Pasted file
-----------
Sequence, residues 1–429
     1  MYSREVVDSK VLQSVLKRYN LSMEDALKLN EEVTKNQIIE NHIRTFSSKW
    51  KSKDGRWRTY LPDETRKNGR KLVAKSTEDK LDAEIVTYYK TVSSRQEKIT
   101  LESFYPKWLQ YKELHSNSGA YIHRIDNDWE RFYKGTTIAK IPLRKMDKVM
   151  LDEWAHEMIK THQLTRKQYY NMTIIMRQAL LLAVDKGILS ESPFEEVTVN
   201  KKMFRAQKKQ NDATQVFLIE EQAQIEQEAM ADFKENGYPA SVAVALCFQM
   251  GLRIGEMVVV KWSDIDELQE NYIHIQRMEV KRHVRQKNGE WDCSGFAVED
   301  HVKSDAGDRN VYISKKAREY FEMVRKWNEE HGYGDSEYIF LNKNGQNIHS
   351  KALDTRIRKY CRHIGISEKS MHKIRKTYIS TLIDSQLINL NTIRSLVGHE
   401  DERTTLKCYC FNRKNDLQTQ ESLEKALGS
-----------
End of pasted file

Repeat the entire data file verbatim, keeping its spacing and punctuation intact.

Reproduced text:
Sequence, residues 1–429
     1  MYSREVVDSK VLQSVLKRYN LSMEDALKLN EEVTKNQIIE NHIRTFSSKW
    51  KSKDGRWRTY LPDETRKNGR KLVAKSTEDK LDAEIVTYYK TVSSRQEKIT
   101  LESFYPKWLQ YKELHSNSGA YIHRIDNDWE RFYKGTTIAK IPLRKMDKVM
   151  LDEWAHEMIK THQLTRKQYY NMTIIMRQAL LLAVDKGILS ESPFEEVTVN
   201  KKMFRAQKKQ NDATQVFLIE EQAQIEQEAM ADFKENGYPA SVAVALCFQM
   251  GLRIGEMVVV KWSDIDELQE NYIHIQRMEV KRHVRQKNGE WDCSGFAVED
   301  HVKSDAGDRN VYISKKAREY FEMVRKWNEE HGYGDSEYIF LNKNGQNIHS
   351  KALDTRIRKY CRHIGISEKS MHKIRKTYIS TLIDSQLINL NTIRSLVGHE
   401  DERTTLKCYC FNRKNDLQTQ ESLEKALGS